International Framework

Changes in the cultural significance of early medieval gemstone jewellery considered against the background of economic history and the transfer of ideas and technologies

In large parts of 5th- to 8th-century Europe, thousands of items of jewellery were decorated all over in a red gemstone: garnet. As characteristic as this style is for these centuries, closer inspection nonetheless reveals not only regional variations but also differences in its social relevance. At the same time a phenomenon, which has so far received little consideration, manifests itself against the backdrop of the “Dark Ages”: In the centre of Frankish-Merovingian Europe the workmanship of this so-called cloisonné style changes from lavish, abundantly supplied, all-over cover of red garnet platelets of oriental origin to a more simple variant employing only individual chips of “indigenous” Bohemian garnet. Previous theories trying to explain this change range from disruptions of international trade routes by Persians and/or Arabs, to negative economic consequences upon the Frankish balance of trade, and to changes of fashion.

It is interesting to note that in the periphery of the Frankish Empire – Anglo-Saxon England and Scandinavia – the use of all-over garnet cloisonné increases precisely in the 7th century, sometimes on objects of exceptionally high quality. There is a lack of scientific analyses considering the origin of these garnets. Do they, in the 7th century, originate from the same sources as before, or are there disruptions? What is happening along the eastern periphery of the Frankish Empire, in the Carpathian Basin? As was the case in the Visigothic area bordering to the west, there was apparently an increase in the use of substitute materials like red glass. Does a change of meaning of red garnet manifest itself in the Byzantine Empire? Are there explanations for this change that can be attributed to the country of origin, i.e. India?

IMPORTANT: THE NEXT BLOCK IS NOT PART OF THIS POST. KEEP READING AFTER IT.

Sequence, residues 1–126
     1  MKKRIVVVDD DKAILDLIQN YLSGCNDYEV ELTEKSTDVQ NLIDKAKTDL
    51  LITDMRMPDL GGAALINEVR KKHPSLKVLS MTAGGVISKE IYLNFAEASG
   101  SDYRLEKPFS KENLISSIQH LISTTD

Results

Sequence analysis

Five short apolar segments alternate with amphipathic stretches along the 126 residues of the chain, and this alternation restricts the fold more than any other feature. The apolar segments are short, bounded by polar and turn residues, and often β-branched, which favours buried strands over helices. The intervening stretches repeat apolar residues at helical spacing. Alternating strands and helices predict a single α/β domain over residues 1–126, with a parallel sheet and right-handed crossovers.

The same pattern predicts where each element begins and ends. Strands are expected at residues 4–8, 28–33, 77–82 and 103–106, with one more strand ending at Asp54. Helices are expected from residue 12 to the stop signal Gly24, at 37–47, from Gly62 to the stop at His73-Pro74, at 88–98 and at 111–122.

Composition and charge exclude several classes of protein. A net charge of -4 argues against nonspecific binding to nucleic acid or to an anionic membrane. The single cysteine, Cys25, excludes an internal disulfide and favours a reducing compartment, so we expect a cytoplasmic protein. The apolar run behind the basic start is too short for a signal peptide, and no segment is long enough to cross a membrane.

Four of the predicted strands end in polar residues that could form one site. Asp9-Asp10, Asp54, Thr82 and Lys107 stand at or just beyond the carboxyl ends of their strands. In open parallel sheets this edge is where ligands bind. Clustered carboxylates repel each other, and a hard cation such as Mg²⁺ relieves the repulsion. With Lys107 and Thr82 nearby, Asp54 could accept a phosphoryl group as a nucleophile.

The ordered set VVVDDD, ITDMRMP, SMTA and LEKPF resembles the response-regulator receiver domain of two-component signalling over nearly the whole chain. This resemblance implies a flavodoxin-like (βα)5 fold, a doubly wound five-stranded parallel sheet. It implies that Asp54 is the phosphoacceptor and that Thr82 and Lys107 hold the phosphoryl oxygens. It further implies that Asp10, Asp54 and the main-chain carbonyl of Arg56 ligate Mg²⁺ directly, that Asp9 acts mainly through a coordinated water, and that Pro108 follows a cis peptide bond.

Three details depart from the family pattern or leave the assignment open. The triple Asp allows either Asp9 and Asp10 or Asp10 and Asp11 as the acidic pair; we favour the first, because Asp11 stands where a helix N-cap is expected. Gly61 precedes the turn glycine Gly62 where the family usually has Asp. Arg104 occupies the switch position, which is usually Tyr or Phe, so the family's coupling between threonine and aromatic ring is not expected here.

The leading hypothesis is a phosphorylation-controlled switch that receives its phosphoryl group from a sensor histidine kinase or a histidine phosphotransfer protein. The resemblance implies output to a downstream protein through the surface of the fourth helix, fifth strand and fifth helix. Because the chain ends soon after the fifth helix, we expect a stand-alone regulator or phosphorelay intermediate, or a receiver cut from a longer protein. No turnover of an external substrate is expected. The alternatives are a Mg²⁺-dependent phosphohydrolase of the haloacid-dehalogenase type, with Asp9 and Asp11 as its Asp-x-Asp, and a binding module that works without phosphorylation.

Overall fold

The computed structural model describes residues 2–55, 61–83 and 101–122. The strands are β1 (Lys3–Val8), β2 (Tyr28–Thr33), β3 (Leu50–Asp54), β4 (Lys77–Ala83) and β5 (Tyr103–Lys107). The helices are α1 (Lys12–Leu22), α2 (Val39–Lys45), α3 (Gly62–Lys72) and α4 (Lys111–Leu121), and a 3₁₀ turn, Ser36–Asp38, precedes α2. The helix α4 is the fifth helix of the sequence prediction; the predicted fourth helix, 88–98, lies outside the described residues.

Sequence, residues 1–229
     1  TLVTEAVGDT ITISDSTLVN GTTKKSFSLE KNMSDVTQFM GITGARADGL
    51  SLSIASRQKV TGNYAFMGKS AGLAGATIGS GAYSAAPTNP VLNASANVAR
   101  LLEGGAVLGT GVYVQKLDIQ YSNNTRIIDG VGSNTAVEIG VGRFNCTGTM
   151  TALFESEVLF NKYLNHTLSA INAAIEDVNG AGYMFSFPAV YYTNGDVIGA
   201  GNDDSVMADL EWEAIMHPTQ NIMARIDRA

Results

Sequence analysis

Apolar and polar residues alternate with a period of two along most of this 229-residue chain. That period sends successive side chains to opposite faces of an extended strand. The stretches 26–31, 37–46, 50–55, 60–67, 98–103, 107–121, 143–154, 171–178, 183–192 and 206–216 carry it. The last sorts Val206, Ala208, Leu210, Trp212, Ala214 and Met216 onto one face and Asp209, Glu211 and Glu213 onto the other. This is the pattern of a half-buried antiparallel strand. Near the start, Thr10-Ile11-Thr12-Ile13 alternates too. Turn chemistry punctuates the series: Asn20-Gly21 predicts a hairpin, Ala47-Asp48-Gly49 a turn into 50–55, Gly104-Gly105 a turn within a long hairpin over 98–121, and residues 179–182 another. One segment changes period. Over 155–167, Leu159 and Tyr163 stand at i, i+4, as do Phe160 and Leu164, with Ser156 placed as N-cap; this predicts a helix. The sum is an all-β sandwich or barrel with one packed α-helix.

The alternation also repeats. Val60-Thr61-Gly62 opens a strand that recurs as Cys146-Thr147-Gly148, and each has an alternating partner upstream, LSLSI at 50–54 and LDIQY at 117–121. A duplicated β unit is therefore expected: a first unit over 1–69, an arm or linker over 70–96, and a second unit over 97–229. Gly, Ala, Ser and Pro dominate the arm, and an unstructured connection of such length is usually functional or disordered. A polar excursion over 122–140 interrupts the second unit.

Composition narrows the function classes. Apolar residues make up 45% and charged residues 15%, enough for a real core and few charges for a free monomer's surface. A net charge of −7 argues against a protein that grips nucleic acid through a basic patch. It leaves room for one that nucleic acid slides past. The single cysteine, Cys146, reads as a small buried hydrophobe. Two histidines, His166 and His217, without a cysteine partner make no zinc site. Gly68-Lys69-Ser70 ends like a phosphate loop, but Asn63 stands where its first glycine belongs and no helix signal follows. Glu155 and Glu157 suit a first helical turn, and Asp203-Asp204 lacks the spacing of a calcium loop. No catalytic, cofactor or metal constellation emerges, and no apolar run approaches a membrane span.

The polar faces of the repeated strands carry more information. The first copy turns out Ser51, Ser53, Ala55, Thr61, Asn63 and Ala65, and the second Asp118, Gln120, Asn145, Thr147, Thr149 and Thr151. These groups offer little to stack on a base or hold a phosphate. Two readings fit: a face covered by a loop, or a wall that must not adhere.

The question of  the structuring of European economic zones and their external trading contacts during the 7th century is appraised through a combination of archaeological, art historical and source-based studies as well as technological and scientific analyses. More than almost any other category of finds this material and the cloisonné style associated with it is suited, on the one hand, to illustrate the economic, social and semiotic changes but, on the other hand, also to demonstrate continuity and commonalities in the various European regions. With the aid of an interdisciplinary team of international researchers, working together in close structural as well as thematic cooperation, the ensuing variety of new perceptions should allow considering these questions  from different perspectives. Alongside various publications it is intended to communicate and present the results at an international conference. Following on from the project it is planned to stage a thematically related exhibition.